Again, I'm not qualified to describe, much less assess, the legal issues involved, but I feel confident that there's at least one perceptual factor that muddies the waters, pun intended, and that's the perceived value of the potential uses for water that might be sold to someone else. It's pretty easy to make a case that using water to grow food is an entirely different endeavor than selling water for use in filling swimming pools or irrigating private landscaping comprised of non-native grasses, trees and shrubs that probably should never have been planted in the first place. We can argue about whether the latter uses are as economically valuable as the former, and in both cases the water is taken from its source and consumed, but I'm sure that most people will have an emotionally-charged preference.

The only quibble I have with the article itself is the statement that 35 million gallons of water can be pumped from the aquifer underlying Belding Draw every day and "still leave room to spare." The data I've seen varies depending on the agenda of those who paid for it, leading me to believe that no one really knows for sure, and no one can predict with certainty what will happen to that aquifer if the current drought persists and worsens. If this sounds like something you've heard me say before, you have a great memory.

As I mentioned at the top, Our Desired Future has some lofty and worthwhile goals. If you'd like to provide some financial support to help the team execute their plans, their website tells you how to do that.

Any thoughts? Feel free to share them via email or my Facebook page.

Winter is Coming
November 9, 2014 7:34 PM | Posted in: ,

No, this isn't a Game of Thrones post. But we are anticipating our first freezing temperatures of the season this week, so preparations are underway at Casa Fire Ant.

It's slightly ironic that our landscape is looking better than it has all year, just in time for a killing frost. Here's a sample of some of our flowers as they appeared yesterday...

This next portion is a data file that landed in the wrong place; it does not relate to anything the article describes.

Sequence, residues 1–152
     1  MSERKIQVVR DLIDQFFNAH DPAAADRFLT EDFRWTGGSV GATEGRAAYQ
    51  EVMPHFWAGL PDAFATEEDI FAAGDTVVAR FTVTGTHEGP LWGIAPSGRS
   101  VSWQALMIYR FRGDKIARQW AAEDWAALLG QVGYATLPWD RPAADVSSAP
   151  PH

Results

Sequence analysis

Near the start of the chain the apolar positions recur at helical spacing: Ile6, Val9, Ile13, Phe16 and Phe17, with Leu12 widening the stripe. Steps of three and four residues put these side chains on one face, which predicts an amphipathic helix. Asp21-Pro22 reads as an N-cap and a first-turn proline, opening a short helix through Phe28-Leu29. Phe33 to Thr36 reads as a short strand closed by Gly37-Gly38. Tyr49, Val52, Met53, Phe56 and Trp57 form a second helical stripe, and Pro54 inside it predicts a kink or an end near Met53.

Our bougainvillea and hibiscus are in pots. Neither species will survive our winter in the ground, so we move them into the garage for the duration. Some horticulturists will tell you that being inside for the winter is not good for bougainvillea, but we have plants that have survived ten or more winters that way. And some even recommend forced dormancy as a survival strategy. The plants are puny in the spring, but after a few weeks of warm weather, they're typically back to their happy selves. I suppose the fact that we move them outside occasionally when the winter weather isn't too brutal so they can get a little sunshine might contribute to their hardiness.

It's a pain to move eight or ten fairly large pots in and out of the garage, so this year I've built something that I hope will significantly reduce the effort. I cut in half a 4' x 8' piece of 3/4" plywood and then rejoined the two halves with hinges, and attached six heavy duty casters (two of which are lockable) to the bottom. I threaded a couple of ropes through each end to tow and steer the platform, stapled a sheet of thick plastic to protect it from water leaks, and - voilà! - a movable plant stand that will accommodate all of our pots at once.

Here's what it looks like unburdened:

Rolling Plant Platform

And here's what the loaded version looks like:

Rolling Plant Platform

In case you're wondering, the hinges make it easier to store the platform. I can fold and lean it against a wall during the offseason.